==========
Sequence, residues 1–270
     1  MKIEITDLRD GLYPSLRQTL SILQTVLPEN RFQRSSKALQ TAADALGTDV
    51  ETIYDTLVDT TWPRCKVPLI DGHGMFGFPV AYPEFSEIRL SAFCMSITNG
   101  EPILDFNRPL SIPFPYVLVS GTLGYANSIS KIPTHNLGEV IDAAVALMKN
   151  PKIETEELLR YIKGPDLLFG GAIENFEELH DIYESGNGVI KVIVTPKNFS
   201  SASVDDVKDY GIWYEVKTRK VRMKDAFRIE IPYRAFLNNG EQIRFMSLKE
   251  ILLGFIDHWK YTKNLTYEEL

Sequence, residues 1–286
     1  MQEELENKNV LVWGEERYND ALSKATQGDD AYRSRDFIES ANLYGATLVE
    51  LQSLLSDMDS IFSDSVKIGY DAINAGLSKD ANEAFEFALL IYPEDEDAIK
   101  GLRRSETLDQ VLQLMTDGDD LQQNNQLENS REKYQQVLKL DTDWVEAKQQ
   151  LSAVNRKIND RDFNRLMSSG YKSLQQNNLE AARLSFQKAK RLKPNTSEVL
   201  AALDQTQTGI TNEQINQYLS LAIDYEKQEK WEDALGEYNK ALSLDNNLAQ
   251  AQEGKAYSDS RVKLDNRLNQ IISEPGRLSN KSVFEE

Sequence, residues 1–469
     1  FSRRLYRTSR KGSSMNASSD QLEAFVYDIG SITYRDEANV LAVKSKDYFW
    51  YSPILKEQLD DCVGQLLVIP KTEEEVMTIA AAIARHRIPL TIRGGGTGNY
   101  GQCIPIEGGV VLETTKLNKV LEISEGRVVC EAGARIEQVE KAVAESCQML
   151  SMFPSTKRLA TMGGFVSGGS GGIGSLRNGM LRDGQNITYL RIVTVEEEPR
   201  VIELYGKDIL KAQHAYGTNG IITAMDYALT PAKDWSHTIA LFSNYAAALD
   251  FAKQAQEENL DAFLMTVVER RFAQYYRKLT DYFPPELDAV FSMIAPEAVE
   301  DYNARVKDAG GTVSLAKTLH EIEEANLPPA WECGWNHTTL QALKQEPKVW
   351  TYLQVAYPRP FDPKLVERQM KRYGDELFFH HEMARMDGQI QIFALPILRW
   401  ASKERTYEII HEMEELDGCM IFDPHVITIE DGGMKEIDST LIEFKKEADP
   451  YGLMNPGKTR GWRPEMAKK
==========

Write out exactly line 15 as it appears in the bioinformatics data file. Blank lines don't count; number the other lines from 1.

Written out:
Sequence, residues 1–469